Hi everyone! Here is the fifth post in the Twitch 101 series. These series once again are hugely supported by my Patreon, so be viewer or else, support is always appreciated. Regardless, these will continue to come for free for aspiring broadcasters and the like.

Again, these posts will be geared and focused on helping you, or people you know, with the knowledge I have. These posts are not designed to get you a six figure salary from Twitch. They are to help you overcome roadblocks, be a better broadcaster, learn things you didn’t know and help yourself.


 

Sometimes you have days where the snooze button is your best friend. You don’t want to get out of bed, or you want to wait another hour. You want to cook but you end up ordering in instead. The snooze button isn’t just something you hit on the alarm clock, and when you hit snooze on your broadcast you hurt it.

Consistency is key.

A day off on the internet is like 3 days, a week off feels like a month. On any platform even a second could mean missing something important. Sit there and watch your twitter feed for 20 minutes, watch every tweet and read every tweet. Think of how different it looks compared to when you usually check it every hour, or once a day. Your viewers aren’t going to constantly check if you’re live. They’re going to check it once, and if you miss that window of opportunity, they’re somewhere else when you might actually go live. 

Think of your favourite TV show, think of when new episodes are out. Think of the basketball, football, and hockey seasons. They all come on at the same time, without fail. As broadcasters we have ultimately more freedom and less variables than they do, and sometimes that turns us in the wrong direction.

A day off feels great, it feels good to break free and relax and just chill. But for every single day you take off, it’s like missing 3 days of work. Every hour you are late is equivalent to missing a day. A lot can happen in an hour on Twitch.

Consistency is one of the most important things to apply to your broadcast. It’s a strong foundation for success, and an even stronger proof of your drive and your determination. If you can only stream 4 times a week for 3 hours, schedule it and stick to it. Life happens, and you can’t be expected to be live 365/24/7. However, your viewers knowing the time and day you are going to be live is not a bad thing, at all.

Pick a start time, pick a schedule, do it for a month and see if it works. If it doesn’t work you can always adjust and you can always flex the schedule to suit your needs. Life is always changing around us and you shouldn’t be scared to find something flexible for you. There is no shame in a day off, but if you haven’t anything better to do why wouldn’t you want to be working towards your dream?

It took me months to find a time that worked for me and even longer to acknowledge I wanted to be live every day, and had to. I fought and struggled some days to get out of bed but after awhile the thought of keeping your “streak” of days consecutively live, becomes a little fun. A schedule should be suited to fit your needs, not when there are no other people streaming on Twitch, and basing your schedule around others just sucks to keep up with. Find something that works for you, find something that lets you have fun, worry about the serious stuff later.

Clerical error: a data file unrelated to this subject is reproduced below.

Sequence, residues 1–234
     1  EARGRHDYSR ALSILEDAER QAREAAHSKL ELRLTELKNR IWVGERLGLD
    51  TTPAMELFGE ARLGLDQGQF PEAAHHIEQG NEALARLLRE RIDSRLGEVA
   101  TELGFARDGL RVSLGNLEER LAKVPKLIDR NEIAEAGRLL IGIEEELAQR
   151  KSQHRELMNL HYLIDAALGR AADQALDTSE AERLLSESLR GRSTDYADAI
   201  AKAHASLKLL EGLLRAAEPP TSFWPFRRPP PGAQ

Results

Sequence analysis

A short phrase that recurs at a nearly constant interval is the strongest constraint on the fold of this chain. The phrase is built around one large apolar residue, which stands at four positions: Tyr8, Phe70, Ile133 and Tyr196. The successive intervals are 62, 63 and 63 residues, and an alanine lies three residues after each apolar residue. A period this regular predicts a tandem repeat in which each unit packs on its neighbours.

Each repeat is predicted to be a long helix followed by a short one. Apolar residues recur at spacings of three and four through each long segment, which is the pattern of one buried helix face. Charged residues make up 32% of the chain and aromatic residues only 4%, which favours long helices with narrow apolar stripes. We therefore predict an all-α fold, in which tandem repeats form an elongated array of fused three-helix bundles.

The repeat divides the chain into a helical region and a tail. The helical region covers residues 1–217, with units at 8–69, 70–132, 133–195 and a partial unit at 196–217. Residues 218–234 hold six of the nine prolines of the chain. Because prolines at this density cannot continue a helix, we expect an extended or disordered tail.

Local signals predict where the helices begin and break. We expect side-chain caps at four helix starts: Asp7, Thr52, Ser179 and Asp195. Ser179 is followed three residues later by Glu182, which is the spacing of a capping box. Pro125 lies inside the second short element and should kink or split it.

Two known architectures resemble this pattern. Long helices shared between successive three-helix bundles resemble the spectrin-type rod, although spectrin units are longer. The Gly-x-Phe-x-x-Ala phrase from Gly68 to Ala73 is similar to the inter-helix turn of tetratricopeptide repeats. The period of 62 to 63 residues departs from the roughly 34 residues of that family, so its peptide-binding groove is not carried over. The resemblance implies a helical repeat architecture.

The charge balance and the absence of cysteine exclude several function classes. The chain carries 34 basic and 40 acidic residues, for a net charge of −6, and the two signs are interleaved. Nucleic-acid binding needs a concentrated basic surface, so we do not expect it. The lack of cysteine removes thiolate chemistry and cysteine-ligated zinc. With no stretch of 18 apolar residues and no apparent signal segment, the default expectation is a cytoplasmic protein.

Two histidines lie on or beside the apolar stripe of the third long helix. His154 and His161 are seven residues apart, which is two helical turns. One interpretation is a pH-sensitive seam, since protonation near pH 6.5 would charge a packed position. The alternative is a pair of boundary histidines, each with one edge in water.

Consistency with games exists too.

Everyone wants to play any game they want, every day they want. Everyone wants to make their own hours and play the silliest game they can find in hopes that everyone will enjoy it as much as they do. Consistency exists in your game choices, and can also be a huge thorn in your side if you aren’t consistent. If you’re playing League of Legends one day, and then an obscure indie game for another week, then jumping to a AAA title and back to League of Legends halfway through, your viewers will be confused.

Finding common games to play consecutively is a huge thing, and people want to watch you play through a game if they see you start it. Sometimes games don’t work out, sometimes you end up disliking them! (I just stopped Deus Ex because of this.) If this happens constantly though, maybe you want to look into one game you enjoy, rather than several.

Finding the right game you can be consistent with is both a mixture of finding a game that you find fun and that the viewers find fun. You should seriously consider before jumping on the next hottest title every week, because eventually they run out. If you like a game, play it and enjoy it and share the experience with others. We all have days where we don’t want to play a game, I usually just sit there and talk for 4 hours straight if that happens.

Everything in moderation.

Don’t underestimate a day off either. It might be a step back in progress, it might be a missed opportunity, and it might be a mistake. It could also be a breath of fresh air that you need, it could help cure that casters block you have, and it could be time to go and grab a beer with those friends you’ve been declining. Everything in moderation, including moderation.

The most important thing with consistency is to find a balance that both you and your viewers can appreciate. While it’s such a crucial thing to be live as often as you can be. It’s also crucial to give yourself time to relax, recuperate and to just be yourself. Don’t get so caught up in your casting that you forget it’s your Mom’s birthday like I did.

Burnout is a huge thing when you’re working hard, and is something to keep in mind when you push yourself harder than you have before. Choose a schedule that works for you, choose games you can play for longer than 4 hours, and don’t forget to take moments to yourself.

Always be casting. Settle on a game. Chill out and have a beer when you can.

Thanks for reading!

Jay Brotatoe – @twitchbrotatoe – BroPlays – BrotatoeTV


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